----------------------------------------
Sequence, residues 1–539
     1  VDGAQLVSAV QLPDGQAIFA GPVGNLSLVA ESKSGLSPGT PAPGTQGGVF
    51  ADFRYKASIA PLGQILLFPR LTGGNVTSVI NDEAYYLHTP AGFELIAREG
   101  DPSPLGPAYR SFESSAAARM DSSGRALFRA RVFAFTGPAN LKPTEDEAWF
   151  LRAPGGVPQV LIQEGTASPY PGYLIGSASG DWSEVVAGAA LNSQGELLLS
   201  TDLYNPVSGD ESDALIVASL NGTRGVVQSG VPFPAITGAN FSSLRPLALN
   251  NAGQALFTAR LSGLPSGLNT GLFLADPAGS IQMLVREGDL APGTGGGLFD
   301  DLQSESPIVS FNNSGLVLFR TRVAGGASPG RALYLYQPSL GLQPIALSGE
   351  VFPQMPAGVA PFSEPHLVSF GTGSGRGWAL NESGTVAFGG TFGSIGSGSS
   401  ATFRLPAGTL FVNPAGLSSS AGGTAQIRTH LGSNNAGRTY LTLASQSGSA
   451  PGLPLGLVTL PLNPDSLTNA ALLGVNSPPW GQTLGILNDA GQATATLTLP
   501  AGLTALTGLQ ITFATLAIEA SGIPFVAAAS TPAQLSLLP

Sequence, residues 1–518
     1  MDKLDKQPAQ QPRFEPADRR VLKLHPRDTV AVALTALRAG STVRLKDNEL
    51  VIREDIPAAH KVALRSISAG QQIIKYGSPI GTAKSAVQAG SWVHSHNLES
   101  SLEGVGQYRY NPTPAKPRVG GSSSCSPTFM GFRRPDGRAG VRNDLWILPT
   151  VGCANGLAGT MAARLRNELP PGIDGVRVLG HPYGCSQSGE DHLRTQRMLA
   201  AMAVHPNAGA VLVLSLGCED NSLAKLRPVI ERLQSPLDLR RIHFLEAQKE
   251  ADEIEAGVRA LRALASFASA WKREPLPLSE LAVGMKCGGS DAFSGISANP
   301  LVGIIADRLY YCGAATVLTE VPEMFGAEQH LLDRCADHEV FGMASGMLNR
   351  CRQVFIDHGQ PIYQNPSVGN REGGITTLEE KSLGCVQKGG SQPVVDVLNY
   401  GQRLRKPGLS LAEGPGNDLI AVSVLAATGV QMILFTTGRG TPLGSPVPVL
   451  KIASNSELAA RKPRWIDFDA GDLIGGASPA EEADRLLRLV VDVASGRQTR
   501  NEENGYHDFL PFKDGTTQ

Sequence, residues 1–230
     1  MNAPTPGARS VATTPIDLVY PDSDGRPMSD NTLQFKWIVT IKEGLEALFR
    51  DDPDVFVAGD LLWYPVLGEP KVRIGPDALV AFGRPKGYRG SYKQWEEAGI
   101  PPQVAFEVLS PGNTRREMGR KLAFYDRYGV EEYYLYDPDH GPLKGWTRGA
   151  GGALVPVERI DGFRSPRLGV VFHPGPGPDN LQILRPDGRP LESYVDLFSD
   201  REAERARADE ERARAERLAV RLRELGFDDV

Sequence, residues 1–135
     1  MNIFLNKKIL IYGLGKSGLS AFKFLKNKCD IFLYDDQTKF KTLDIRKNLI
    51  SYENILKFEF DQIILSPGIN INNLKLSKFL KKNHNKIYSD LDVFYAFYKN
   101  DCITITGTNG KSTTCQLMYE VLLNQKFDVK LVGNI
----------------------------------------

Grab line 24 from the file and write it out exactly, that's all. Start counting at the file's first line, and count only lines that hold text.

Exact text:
   501  NEENGYHDFL PFKDGTTQ